Notwithstanding plaintiff's assertion regarding limitations on the authority of the Board of Health to act, on December 1, 1998, plaintiff filed with the Board of Health a report from Bell Labs dated November 30, 1998 containing its expert's RF emissions analysis regarding the proposed wireless communications facility. The report asserted that the RF emissions at the proposed facility complied with the applicable regulations promulgated by the FCC. The report stated that it was prepared by the Wireless & Optical Technologies Safety Department at Bell Laboratories for Mike Hughes at Sprint Spectrum. The name of the author was not disclosed, and the document was neither signed nor verified as FCC regulations required.

    On December 2, 1998, plaintiff's counsel appeared at the meeting of the Board of Health accompanied by an expert from Bell Laboratories. However, Mr. Cohen on behalf of the Board of Health advised that since plaintiff's RF emissions analysis report was not submitted until the day before, December 1, 1998, the Board of *718 Health had not had an opportunity to adequately review the report and, therefore, was unable to conduct a hearing on December 2, 1998 as planned. As a result, the Board of Health did not conduct any inquiry of the applicant or its expert and took no action on the application at that meeting. On February 2, 1999, plaintiff filed revised plans with the Planning Board. Counsel for plaintiff at that time requested that the Planning Board determine that the application was complete and requested that it be placed on the agenda of the Planning Board, notwithstanding the applicant's failure to secure Board of Health approval, contending that federal law prohibited review of RF emissions.

    On March 9, 1999, plaintiff's counsel, once again, filed with the Board of Health the original Bell Laboratories Report, together with an additional report from Bell Laboratories prepared by RF Engineer Paul Testagrossa. In addition, plaintiff's counsel requested a hearing before the Board of Health. Thereafter, plaintiff's application was placed on the Board of Health's agenda for its April 7, 1999 meeting. Plaintiff received a scheduling memorandum, dated March 12, 1999 which advised plaintiff to "plan to attend or make arrangements to have your representative present to answer any questions concerning your application." In a letter to the Planning Board dated March 20, 1999, plaintiff's counsel again advised that plaintiff believed its application was exempt from Board of Health review and advised that plaintiff would not be appearing at the April meeting or presenting any additional testimony to the Board of Health.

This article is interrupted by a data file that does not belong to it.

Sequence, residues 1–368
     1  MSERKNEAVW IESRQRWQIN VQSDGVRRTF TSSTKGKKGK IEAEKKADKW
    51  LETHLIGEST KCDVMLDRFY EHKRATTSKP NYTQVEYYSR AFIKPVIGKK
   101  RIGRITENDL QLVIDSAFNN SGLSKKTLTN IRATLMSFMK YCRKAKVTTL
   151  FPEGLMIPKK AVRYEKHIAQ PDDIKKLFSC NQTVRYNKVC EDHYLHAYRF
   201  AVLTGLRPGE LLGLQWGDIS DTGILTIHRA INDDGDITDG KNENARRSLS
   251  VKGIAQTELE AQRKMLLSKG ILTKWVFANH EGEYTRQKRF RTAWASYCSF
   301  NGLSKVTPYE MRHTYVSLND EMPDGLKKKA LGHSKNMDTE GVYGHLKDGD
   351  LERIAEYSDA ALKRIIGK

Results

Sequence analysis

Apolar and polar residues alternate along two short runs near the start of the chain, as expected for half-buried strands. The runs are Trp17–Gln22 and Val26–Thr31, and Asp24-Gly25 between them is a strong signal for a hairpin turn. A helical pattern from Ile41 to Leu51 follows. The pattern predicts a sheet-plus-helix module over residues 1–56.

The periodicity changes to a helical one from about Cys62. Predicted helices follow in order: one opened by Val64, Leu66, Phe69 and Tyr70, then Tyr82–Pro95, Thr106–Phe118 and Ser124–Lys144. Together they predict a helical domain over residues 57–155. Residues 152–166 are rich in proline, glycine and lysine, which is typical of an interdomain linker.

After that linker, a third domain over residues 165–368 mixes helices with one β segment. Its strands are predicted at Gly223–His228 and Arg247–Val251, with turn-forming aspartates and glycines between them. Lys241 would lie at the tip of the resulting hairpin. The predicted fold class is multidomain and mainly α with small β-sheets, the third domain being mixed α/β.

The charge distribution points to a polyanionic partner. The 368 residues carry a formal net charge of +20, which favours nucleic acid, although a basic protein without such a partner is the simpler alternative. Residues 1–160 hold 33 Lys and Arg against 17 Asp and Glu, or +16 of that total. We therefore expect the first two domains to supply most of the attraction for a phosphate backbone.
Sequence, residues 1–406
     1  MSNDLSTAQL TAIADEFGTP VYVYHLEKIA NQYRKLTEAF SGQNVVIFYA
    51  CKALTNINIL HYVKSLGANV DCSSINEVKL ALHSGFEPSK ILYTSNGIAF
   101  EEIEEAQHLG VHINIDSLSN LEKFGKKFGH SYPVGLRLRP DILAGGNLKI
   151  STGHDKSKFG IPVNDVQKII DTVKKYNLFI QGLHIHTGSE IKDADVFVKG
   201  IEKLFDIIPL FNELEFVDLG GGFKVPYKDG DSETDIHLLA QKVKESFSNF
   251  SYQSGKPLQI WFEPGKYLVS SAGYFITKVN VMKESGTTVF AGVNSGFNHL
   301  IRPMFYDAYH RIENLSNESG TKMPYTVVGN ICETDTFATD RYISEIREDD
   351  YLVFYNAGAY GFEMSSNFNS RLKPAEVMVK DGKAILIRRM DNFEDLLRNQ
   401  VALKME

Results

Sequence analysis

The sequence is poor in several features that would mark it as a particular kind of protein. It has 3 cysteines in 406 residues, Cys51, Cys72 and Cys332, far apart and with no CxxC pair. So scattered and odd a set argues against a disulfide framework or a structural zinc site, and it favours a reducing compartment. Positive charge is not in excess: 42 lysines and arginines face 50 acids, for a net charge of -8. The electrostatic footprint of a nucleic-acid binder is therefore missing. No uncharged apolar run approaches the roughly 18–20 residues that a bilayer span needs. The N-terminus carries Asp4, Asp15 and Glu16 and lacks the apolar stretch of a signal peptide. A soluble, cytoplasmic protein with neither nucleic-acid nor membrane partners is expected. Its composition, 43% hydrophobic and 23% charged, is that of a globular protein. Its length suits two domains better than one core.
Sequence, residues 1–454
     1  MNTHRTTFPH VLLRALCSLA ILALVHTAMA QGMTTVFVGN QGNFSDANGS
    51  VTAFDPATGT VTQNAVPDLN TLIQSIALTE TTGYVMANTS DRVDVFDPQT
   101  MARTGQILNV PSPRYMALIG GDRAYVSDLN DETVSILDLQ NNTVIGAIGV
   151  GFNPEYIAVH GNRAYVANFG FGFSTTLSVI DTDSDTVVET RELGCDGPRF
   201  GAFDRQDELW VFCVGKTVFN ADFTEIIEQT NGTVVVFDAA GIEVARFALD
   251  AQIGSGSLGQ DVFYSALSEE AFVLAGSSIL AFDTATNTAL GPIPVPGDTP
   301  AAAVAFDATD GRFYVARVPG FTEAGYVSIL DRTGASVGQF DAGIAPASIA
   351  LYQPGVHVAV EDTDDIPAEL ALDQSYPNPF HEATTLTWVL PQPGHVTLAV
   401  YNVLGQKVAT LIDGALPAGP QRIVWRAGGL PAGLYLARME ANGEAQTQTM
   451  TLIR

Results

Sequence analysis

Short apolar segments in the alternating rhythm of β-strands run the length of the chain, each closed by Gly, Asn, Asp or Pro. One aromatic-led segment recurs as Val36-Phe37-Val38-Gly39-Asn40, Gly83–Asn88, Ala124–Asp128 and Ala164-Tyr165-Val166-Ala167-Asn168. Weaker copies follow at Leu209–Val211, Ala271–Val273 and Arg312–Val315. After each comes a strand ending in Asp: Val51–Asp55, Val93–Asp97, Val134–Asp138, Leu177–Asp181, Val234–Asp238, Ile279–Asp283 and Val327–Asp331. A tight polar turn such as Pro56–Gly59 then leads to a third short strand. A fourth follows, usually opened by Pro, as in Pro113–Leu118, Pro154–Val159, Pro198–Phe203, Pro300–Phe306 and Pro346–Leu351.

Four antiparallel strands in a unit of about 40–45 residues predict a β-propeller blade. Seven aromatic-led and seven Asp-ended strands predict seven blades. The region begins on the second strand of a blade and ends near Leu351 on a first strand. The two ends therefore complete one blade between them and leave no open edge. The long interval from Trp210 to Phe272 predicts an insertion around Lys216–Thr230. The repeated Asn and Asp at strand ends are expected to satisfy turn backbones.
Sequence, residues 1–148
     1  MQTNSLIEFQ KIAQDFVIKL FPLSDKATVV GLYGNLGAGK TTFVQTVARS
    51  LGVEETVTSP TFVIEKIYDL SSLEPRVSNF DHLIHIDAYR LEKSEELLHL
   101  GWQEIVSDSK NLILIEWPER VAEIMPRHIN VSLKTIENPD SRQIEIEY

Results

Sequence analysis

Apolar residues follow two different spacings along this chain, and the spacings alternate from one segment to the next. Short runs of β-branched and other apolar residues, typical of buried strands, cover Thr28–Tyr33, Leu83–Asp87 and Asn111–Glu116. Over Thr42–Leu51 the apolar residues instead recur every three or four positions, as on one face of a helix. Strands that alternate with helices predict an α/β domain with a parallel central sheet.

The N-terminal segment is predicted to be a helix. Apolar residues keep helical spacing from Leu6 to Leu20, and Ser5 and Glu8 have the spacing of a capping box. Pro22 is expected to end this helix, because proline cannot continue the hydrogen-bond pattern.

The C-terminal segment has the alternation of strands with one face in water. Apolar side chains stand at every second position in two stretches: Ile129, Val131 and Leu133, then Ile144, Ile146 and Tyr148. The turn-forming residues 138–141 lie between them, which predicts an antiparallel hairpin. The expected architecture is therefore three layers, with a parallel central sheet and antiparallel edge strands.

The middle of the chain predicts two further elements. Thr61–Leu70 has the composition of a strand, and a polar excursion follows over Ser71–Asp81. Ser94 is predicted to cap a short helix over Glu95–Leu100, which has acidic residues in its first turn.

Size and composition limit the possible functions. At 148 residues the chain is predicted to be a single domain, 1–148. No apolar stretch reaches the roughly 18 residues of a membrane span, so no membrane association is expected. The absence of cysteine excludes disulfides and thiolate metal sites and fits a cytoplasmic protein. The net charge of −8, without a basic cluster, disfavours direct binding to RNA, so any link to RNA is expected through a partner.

By letter dated April 6, 1999, defendant Sigrid Mueller (Administrator of the Warren Township Planning Board) advised counsel for plaintiff that the Planning Board had denied plaintiff's request for a waiver of Board of Health review and advised that the application would be considered to be incomplete until such time as plaintiff satisfied the Board of Health with regard to RF emissions and other health issues. Notwithstanding that, plaintiff did not attend the April 7, 1999 meeting of the Board of Health, and, in light of that absence, that body again took no action on the application.

    On the return date of this Order to Show Cause, plaintiff sought an order from this Court: (1) declaring the actions of the defendants to be in violation of the Telecommunications Act of 1996, 47 U.S.C. § 332; (2) ordering that the Planning Board and the Board of Health are precluded from further consideration of the effects of RF emissions; (3) ordering the Planning Board to certify plaintiff's application complete as of February 2, 1999, the date of its request to the Planning Board for action on the application; (4) ordering the Planning Board to conduct a hearing on plaintiff's application within twenty days; (5) declaring defendants to be in violation of plaintiff's civil rights pursuant to 42 U.S.C.A. § 1983 and awarding attorney's fees pursuant to 42 U.S.C.A. § 1988, and (6) ordering that the Court will retain jurisdiction of the matter until the Planning Board enters a decision with regard to plaintiff's application.